Explore current civil liberties issues arising in the news, before the courts, in government and in the streets.


This page includes two great sources to learn more about current issues relating to civil liberties in Canada.

First, CCLA is now excited to include  in-depth breakdowns of new bills and legislation and other new material produced by volunteers, under the heading “Current Issues”.

This space is also the new home of the Canadian Civil Liberties Association’s longstanding rights and freedoms monitoring blog, RightsWatch. RightsWatch is a joint project of CCLA and Pro Bono Students Canada. Updated and maintained by law students across the country, it compiles local and national news and events regarding basic rights and freedoms in Canada.

The opinions expressed here do not necessarily represent CCLA or Pro Bono Students Canada’s policies or positions. For official publications, key reports, position papers, legal documentation, and up-to-date news about CCLA’s work check out the In Focus section of our website.

Current Issues

Cell phones and Canadian Courts: Some Recent Cases

April 11, 2018

Because the Learn section of TalkRights features content produced by CCLA volunteers and interviews with experts in their own words, opinions expressed here do not necessarily represent the CCLA’s own policies or positions. For official publications, key reports, position papers, legal documentation, and up-to-date news about the CCLA’s work check out the In Focus section of […]

The Genetic Non-Discrimination Act- An Overview

April 11, 2018

The Genetic Non-Discrimination Act (GNDA), or Bill S-201, passed into law on May 4th 2017. The bill, along with amendments in the Canadian Labour Code and the Canadian Human Rights Act, prohibits companies and employers from requiring genetic testing or the results of genetic tests.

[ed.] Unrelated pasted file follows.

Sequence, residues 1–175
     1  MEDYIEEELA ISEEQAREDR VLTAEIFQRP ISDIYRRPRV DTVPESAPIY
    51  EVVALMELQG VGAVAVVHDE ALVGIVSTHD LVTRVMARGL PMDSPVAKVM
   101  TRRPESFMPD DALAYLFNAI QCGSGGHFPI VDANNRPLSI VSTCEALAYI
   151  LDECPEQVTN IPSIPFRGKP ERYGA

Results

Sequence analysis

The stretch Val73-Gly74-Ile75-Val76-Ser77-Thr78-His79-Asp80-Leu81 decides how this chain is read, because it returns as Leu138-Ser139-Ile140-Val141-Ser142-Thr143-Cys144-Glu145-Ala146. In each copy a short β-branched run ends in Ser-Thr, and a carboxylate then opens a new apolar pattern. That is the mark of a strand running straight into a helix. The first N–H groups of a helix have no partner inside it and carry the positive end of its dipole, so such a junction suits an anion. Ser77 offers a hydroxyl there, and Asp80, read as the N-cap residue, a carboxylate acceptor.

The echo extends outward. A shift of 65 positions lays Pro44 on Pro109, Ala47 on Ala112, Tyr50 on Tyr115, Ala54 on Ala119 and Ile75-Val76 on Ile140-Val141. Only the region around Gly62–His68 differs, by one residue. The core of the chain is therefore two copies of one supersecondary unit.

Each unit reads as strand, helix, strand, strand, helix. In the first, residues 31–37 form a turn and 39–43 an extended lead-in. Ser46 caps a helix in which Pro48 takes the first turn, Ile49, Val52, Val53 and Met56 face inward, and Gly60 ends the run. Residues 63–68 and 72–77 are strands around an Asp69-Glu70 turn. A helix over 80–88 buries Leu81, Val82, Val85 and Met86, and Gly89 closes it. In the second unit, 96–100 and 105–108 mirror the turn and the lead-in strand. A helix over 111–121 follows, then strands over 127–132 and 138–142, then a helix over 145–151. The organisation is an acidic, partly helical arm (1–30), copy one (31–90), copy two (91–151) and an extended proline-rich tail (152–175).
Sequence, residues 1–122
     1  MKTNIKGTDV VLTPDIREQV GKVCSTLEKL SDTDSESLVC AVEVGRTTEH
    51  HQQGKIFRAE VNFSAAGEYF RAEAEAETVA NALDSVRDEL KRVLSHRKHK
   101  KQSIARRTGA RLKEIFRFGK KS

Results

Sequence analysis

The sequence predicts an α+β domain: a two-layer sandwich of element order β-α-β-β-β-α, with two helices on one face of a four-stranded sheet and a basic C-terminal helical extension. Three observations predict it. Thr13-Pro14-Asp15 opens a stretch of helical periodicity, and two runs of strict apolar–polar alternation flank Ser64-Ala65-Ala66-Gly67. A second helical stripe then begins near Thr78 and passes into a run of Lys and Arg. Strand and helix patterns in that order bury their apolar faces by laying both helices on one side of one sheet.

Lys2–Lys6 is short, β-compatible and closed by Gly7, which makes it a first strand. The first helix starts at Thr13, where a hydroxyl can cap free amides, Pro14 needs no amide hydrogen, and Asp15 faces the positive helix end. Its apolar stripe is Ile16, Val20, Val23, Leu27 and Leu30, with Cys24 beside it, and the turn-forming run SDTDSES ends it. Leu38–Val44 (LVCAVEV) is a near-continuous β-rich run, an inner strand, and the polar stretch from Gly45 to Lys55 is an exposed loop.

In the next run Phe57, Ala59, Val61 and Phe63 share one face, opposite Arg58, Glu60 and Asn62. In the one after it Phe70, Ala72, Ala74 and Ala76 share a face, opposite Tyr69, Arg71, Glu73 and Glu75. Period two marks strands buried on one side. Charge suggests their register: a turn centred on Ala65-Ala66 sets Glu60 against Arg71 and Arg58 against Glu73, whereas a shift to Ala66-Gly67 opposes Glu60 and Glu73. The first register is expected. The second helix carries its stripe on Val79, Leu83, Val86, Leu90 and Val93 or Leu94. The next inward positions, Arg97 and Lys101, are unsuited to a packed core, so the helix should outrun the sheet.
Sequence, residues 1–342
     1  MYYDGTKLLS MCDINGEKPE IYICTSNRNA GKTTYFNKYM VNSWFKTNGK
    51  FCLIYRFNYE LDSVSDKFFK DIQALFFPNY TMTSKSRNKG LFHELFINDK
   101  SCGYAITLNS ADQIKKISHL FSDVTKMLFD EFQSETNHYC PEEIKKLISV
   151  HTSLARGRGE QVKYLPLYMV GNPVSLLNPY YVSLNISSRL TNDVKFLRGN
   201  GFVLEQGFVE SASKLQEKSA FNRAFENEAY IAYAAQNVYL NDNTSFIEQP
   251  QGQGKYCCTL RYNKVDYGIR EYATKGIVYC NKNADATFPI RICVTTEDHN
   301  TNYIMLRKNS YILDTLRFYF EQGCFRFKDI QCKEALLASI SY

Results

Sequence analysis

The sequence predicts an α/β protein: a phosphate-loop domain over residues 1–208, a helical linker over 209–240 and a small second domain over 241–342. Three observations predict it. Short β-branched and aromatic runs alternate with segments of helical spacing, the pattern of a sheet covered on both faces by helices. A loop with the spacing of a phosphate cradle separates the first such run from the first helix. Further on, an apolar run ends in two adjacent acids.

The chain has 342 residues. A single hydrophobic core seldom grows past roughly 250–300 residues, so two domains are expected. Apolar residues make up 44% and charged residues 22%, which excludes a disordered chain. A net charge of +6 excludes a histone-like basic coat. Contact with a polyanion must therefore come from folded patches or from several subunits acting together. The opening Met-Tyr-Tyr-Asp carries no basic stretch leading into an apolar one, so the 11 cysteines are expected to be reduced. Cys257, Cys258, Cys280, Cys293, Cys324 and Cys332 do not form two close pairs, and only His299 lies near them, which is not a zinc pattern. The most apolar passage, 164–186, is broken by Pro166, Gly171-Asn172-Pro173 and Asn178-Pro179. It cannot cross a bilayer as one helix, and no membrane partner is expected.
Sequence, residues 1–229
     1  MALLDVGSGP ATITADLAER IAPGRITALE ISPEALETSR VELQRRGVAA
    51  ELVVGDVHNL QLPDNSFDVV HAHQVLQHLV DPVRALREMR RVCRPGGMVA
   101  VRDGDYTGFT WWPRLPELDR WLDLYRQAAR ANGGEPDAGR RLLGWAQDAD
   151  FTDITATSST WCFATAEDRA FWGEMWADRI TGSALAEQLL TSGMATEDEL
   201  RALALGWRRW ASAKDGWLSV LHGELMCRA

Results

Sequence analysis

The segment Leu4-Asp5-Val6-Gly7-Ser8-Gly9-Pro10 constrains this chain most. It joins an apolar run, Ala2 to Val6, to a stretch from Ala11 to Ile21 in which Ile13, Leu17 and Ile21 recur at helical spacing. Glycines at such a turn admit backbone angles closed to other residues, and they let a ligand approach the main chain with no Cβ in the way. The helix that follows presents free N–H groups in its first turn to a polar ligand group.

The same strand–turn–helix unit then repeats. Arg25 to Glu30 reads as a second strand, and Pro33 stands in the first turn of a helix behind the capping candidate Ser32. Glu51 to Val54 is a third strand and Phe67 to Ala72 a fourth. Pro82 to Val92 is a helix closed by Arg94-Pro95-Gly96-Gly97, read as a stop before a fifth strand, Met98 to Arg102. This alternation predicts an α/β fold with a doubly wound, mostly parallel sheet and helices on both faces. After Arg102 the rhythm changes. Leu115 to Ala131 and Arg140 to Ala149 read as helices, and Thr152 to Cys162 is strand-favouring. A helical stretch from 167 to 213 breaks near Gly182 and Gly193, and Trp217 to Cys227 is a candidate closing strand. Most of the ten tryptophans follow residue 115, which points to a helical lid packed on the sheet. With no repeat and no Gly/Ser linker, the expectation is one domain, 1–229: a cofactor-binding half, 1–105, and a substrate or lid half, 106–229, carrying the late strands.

Medical Assistance in Dying (former Bill C-14)

April 11, 2018

Much has changed since the Supreme Court’s 2015 ruling in Carter v Canada. In this ruling, the court decided that the prohibition on physician assisted dying was unconstitutional and that assisted dying was a right to adults suffering from “grievous and irremediable” medical illnesses.[1] In response, parliament drafted and ratified Bill C-14, Medical Assistance in Dying.

Rights Watch

Rights of Parents and Children Re-explored as SCC Orders Retrial of Case Against Alberta Parents

May 18, 2018
  This week, the Supreme Court of Canada (SCC) ordered a new trial for the parents of a toddler who died from meningitis in 2012. When their son fell ill, the Stephans, an Alberta couple,...

Ontario Court of Justice Mandates Judicial Impartiality in Ex Parte Trials

May 15, 2018
Anyone charged with a criminal offence, regardless of their presence or absence at trial, has a constitutional right to a fair and impartial trial at which they are presumed innocent until proven guilty.[1] In Mississauga...

Allégation de discrimination fondée sur la déficience

April 9, 2018
André François Gauthier, a déposé une plainte à la Commission canadienne des droits de la personne au sujet de son employeur, Services publics et Approvisionnement Canada (SPAC). Il y allègue que ce dernier a fait...